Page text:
The ‘Kashmir Conflict’ has been a source of constant tension between India and Pakistan from the time of their independence in 1947. Agnieszka Kuszewska summarises the big story and details lesser-known facts, tracing the history of the issue which remains a chronic bone of contention between the two countries, a serious potential flashpoint for two nuclear-armed nations in South Asia.
The historically-inherited Kashmir conflict remains a major source of tension between India and Pakistan, and the chances of its resolution remain unchangeably grim. Being a major hurdle to intra-regional cooperation, it is one of the most multi-dimensional, intractable conflicts in the contemporary world, and hostile interactions between the two nuclear adversaries remain a key security challenge for the entire subcontinent.
Despite its importance and destructiveness, this tussle is usually overshadowed by other ongoing disputes and crises. International coverage of the conflict overwhelmingly refers to official narratives from New Delhi and Islamabad, and is limited to moments of bilateral escalation or terrorist attacks carried out by Islamist groups. Importantly, Kashmir is not only a long-term territorial dispute between India and Pakistan: it is also a complex set of diverse power rivalries and discourses on regional, bilateral and sub-local levels. The dynamics of the conflict is shaped by various state and non-state actors, who regularly highlight their persistent stance on conflict and the way it should be resolved, and use different methods to implement their goals.
Parts of the former Princely State of Jammu and Kashmir (PSJ&K), now controlled by India and Pakistan, include: (1) Indian-administered Jammu and Kashmir (IaJK) that comprises the Kashmir Valley and Jammu (since 2019 forming the union territory of Jammu and Kashmir, UTJ&K) and Ladakh (since 2019, the union territory of Ladakh, UTL); and (2) Pakistani-administered Jammu and Kashmir (PaJK) that includes Azad Jammu and Kashmir (AJK) and Gilgit–Baltistan. Along the Line of Control (LoC), a de facto border that divides the disputed region, cross-border skirmishes occur regularly with both sides accusing each other of ‘unprovoked’ firing and targeting civilians, who pay the highest price for the ongoing rivalry. In August 2019, the Indian government of the ruling Bharatiya Janata Party (BJP) fulfilled its party’s political promise of abrogating Article 370 and, by implication, Article 35A (which for example restricted sales of land to non-state residents) of the Constitution of India, which revoked the semi-autonomy of Jammu and Kashmir that had been in place since 1954. The state was bifurcated and transformed into two union territories (UTJ&K and UTL), controlled directly by central government in New Delhi. Following the revocation of the special status, tensions along the LoC escalated.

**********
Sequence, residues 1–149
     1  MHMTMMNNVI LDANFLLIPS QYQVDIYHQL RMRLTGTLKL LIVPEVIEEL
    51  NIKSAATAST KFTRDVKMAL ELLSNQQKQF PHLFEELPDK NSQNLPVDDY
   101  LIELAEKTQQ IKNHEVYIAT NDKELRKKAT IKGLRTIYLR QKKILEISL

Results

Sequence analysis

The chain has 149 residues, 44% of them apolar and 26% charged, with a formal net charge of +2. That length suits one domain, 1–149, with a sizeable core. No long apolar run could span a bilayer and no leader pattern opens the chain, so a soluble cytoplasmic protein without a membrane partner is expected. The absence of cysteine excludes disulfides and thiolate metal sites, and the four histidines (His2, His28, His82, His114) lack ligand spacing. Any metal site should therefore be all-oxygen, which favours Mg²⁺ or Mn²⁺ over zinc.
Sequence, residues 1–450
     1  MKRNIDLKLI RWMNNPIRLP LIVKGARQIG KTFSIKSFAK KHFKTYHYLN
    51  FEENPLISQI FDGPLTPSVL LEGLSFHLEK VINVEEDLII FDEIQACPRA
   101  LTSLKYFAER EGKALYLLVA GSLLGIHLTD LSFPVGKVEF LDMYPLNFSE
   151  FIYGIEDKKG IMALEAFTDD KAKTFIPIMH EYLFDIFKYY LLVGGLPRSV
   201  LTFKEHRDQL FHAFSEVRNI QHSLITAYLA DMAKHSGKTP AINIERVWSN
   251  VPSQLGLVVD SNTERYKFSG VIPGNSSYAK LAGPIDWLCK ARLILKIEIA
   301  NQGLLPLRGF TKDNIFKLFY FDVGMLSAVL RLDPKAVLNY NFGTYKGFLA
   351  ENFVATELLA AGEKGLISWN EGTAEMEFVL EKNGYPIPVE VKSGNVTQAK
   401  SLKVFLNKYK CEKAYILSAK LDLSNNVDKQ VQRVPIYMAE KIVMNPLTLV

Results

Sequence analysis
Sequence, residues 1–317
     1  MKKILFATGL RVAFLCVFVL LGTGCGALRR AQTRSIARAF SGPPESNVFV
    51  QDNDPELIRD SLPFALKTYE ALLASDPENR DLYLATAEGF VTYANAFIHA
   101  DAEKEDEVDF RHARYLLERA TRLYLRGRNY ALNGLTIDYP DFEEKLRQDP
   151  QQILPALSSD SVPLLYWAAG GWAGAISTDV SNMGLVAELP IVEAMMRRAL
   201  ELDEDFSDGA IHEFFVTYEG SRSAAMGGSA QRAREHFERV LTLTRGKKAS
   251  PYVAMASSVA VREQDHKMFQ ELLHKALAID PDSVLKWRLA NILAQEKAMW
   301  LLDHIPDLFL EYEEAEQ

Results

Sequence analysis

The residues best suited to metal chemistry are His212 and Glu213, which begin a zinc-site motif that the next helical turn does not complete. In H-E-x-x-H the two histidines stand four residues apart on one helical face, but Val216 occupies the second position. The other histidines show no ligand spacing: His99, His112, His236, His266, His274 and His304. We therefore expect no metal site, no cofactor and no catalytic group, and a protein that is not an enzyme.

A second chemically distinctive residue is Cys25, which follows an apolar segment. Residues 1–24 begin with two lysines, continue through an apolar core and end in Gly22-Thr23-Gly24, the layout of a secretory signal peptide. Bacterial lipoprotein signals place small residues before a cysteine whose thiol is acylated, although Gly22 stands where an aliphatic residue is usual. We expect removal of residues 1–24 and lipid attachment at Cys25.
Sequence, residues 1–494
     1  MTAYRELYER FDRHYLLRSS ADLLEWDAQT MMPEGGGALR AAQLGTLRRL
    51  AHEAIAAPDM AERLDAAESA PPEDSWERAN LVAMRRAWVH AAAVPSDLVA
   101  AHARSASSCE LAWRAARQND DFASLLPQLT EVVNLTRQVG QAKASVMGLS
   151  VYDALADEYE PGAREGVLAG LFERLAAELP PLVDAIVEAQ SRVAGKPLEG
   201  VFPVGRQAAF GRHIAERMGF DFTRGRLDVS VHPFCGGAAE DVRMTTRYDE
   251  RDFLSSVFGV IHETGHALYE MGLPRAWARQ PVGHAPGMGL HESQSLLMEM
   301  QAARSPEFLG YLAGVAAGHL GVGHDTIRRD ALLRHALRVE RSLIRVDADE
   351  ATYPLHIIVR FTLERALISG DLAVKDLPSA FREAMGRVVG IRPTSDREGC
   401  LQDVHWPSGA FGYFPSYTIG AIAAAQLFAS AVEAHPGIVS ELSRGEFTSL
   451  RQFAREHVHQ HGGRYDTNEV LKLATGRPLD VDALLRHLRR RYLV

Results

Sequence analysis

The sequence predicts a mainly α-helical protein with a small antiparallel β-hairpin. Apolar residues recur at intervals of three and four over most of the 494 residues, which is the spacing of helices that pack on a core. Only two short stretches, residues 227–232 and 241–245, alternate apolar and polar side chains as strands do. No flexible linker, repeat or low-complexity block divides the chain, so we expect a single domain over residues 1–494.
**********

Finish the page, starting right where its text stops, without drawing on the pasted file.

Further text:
The unilateral annulment of Kashmir’s semi-autonomy by India opened a new chapter in the history of the conflict. It was criticised by Pakistan, and led to further deterioration of bilateral relations that were already tense after the 14 February 2019 suicide bomb attack on India’s Central Reserve Police Force personnel in IaJK in Pulwama by the notorious jihadist group Jaish-e-Mohammad. India reiterated its accusations that Pakistan supports Islamic groups and treats them as its proxies in materialising territorial claims in IaJK; New Delhi regards its policies for IaJK as a domestic matter, and vehemently rejects any critical comments from other governments, let alone, engagement.
Through the decades, Pakistan has put tremendous effort to internationalise the dispute, and uses every opportunity to accuse India and its armed forces of systematic human rights violations in IaJK (mainly the Valley). Following the political crisis that led to the fall of Imran Khan in April 2022, Pakistan’s new prime minister Shehbaz Sharif pledged to interact with India peacefully and stressed the need to resolve the conflict ‘in accordance with the resolutions of the United Nations Security Council and the wishes of the Kashmiri people’. This well-known rhetoric is likely to emerge in every official speech of the Pakistani civilian leadership, with practically no chance (Pakistan’s foreign and security policy is controlled by the powerful military establishment) of any substantial shift. We can assume that by referring to ‘Kashmiri people’, Pakistan again wants to draw the world’s attention to the situation on the Indian side, focusing on Kashmiri Muslims, while at the same time neglecting the violations in AJK and GB, that include curbing freedom of expression, arbitrary detentions and other forms of systemic marginalisation. Both IaJK and PaJK are regarded ‘not free’ by the human rights watchdog, Freedom House.